Matt Bell’s new novel Scrapper is a narrative of possibilities—of the potential energy created by our past selves, and the tension of holding two selves apart. In it a man named Kelly, fleeing from a dark past in the South to a collapsed Detroit, makes a living as a scrapper, disassembling homes for their copper innards, their raw material. Through his eyes, we are able to “See each particle a part of a whole disturbed, see the exponential increase of surface area wherever an object was broken down, the way a thing split might ignite faster than its inert whole.” Threaded throughout is a tension between what is held together and what is falling apart—or what has the potential to.
Bell’s craft shines through here, in his ability to oscillate between large-scale and personal tension. At the macro level, there’s Detroit—the Motor City full of abandoned parts, “a catalog of promise,” and at the micro level, a man teetering on the edge of personal collapse. Bell’s simple sentence structure adds tautness to these borders, creating a sense of fragility, or something barely contained. We see this tautness most clearly when Kelly finds a kidnapped boy in the basement of an abandoned home: “the moment split, and in the aftermath of that cry Kelly thought he lived both possibilities in simultaneous sequence.” Here, the protagonist becomes both the scrapper and the “salvor,” (a sort of self-termed savior), the “hero and the thief.”
Kelly’s actions, paired with Bell’s tight control of movement, explore the boundaries of this tension—how far Kelly will go as a scrapper or salvor—and what he can and cannot justify. Much of the narrative is situated within the mind of the protagonist in a series of if/then scenarios, and often end in “but then” resolutions (i.e. “If the upstairs of the blue house had been plumbed with PVC Kelly might not have gone down into the basement. But then copper in the bathroom, but then the copper price.”) The latter half of the book deals primarily with Kelly’s struggle with a sense of vigilante justice—whether to go after the suspected kidnapper, and how this action disturbingly mirrors and threatens to repeat a past Kelly has been running from.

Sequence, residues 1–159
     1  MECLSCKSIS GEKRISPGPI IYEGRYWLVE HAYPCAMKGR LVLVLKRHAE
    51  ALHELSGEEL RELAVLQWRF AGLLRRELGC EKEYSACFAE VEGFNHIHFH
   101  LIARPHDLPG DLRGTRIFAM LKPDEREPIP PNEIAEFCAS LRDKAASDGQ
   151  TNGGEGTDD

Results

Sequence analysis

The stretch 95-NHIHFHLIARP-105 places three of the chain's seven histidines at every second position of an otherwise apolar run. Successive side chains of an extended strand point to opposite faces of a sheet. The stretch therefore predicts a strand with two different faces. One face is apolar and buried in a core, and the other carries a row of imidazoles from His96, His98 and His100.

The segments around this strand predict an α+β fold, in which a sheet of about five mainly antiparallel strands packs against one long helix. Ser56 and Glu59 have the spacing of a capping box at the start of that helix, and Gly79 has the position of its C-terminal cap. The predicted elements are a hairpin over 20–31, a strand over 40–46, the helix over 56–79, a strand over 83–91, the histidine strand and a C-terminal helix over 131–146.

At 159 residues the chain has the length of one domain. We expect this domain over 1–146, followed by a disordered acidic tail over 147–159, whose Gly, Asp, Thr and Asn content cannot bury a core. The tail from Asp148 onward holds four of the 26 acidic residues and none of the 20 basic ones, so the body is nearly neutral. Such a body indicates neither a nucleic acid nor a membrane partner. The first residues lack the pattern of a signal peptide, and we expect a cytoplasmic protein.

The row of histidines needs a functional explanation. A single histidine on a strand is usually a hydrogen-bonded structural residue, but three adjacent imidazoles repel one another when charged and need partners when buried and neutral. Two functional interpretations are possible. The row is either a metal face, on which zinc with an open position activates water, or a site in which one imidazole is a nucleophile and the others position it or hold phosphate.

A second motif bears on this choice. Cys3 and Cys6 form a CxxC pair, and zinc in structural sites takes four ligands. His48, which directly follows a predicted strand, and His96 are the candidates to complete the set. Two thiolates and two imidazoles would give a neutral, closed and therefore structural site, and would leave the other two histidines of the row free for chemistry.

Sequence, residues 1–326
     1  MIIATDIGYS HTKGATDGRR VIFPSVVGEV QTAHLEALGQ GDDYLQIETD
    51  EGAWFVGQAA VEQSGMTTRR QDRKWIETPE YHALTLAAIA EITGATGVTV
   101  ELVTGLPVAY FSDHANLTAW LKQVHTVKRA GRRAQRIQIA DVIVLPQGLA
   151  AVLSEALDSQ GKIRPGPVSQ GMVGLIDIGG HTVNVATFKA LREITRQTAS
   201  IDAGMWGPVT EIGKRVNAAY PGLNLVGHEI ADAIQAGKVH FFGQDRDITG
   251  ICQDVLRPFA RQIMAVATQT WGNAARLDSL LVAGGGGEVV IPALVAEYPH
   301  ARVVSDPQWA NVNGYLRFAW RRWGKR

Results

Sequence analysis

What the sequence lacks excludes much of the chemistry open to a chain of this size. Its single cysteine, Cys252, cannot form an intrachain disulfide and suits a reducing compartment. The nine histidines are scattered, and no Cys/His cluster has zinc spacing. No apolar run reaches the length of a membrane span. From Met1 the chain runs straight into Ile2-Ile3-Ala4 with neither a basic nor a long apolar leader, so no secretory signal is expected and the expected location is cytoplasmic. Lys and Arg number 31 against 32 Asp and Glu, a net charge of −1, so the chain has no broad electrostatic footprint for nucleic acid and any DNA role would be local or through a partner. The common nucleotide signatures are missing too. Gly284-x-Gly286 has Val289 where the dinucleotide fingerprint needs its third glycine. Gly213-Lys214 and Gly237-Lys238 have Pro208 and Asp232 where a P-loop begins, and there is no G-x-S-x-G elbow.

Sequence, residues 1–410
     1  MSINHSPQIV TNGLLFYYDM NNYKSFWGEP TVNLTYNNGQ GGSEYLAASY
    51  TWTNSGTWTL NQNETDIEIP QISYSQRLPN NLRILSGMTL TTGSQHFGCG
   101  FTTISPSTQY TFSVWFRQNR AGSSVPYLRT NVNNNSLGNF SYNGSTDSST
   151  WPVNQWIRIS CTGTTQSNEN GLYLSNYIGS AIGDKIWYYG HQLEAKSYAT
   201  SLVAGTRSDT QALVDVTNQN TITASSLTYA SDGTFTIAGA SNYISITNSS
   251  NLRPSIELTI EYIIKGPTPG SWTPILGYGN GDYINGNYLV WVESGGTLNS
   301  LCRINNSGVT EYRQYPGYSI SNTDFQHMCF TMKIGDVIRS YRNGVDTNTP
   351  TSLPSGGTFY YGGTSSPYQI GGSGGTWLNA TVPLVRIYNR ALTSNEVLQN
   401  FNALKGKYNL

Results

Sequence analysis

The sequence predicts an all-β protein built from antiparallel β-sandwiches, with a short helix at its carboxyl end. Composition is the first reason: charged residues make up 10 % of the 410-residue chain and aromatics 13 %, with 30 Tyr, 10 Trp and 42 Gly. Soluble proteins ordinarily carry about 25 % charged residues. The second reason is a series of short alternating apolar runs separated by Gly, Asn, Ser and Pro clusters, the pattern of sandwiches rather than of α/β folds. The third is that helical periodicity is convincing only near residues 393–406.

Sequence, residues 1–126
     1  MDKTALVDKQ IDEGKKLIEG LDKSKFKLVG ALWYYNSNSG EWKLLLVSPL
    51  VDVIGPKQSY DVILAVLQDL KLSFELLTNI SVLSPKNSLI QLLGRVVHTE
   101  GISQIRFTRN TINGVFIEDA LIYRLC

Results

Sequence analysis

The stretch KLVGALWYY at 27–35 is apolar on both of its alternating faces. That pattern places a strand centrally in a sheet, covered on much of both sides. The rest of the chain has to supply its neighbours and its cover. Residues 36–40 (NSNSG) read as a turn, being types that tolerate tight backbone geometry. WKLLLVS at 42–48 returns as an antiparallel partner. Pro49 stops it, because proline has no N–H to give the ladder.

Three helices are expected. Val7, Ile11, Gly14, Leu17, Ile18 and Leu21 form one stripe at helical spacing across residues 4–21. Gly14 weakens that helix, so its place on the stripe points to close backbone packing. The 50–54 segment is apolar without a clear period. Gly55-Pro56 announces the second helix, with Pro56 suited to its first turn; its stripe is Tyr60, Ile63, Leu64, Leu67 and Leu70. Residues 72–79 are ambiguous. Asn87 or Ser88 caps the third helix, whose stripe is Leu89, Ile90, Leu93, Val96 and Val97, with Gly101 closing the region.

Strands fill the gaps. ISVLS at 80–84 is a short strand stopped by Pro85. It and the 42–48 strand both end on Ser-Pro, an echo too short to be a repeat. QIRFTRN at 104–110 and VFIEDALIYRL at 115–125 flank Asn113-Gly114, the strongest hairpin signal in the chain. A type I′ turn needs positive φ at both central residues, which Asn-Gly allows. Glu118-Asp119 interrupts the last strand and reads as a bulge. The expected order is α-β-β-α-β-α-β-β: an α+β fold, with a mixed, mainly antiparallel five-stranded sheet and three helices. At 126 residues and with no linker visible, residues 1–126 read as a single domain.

There are three brief sections that break the main narrative apart, and create a larger context for the collapses in the novel. Though somewhat distracting, these side narratives (told in the same language of duality) offer interesting angles on versions of collapse. In the second section, situated in Florida, we see a pseudo-George Zimmerman in “The absence of doubt. The pushing back of almost.” In the third section, an abandoned Pripyat inhabited by a man who thinks, “if there was evil left in the world then it was a kind of radiation living in the earth, invisible.” These sections work to tie the main narrative into a global context, and to strengthen Bell’s thread of a connected macro/micro interaction.
There is a certain muscle and rawness in Bell’s words and their proximity to one another; it is as if form meets function in Kelly, as the narrative delves into both the structures of “The Zone”—the section of Detroit that is most collapsed—and Kelly’s mind. Words act as shovels, to haul earth away and reach towards a core. Through the dual-step narrative technique, we gradually learn that Kelly’s border between past and present selves is perhaps the shakiest of all, and the outcomes of the novel depend on his ability to keep the two from collapsing. As he struggles with these merging dualities, he realizes “the cruelty of the linear life, its adaptations; not that you would move on but that the moving on would obscure the past, bury it deep.” Yet his past is anything but buried deep, and often threatens to consume Kelly as he fights back the cyclical history of sexual abuse he fled from in the South.
Bell’s novel is like a black hole with a swirling cosmos of capability at its core. It is as if all of the actions of the characters and structures are pointing inward, and with this inward gesture, disassembling their composite parts to allow for a duality of action. And at the center of the merge, “every contact carries the potential for heat.”
Phillip Spotswood is an MFA candidate at Louisiana State University and Assistant Poetry Editor of New Delta Review. His work can be found in Heavy Feather Review, Sundog Lit, Dark Matter, and Between: An Anthology of New Gay Poetry.
The novel Scrapper (320 pages) by Matt Bell is available from Soho Press (September, 2015).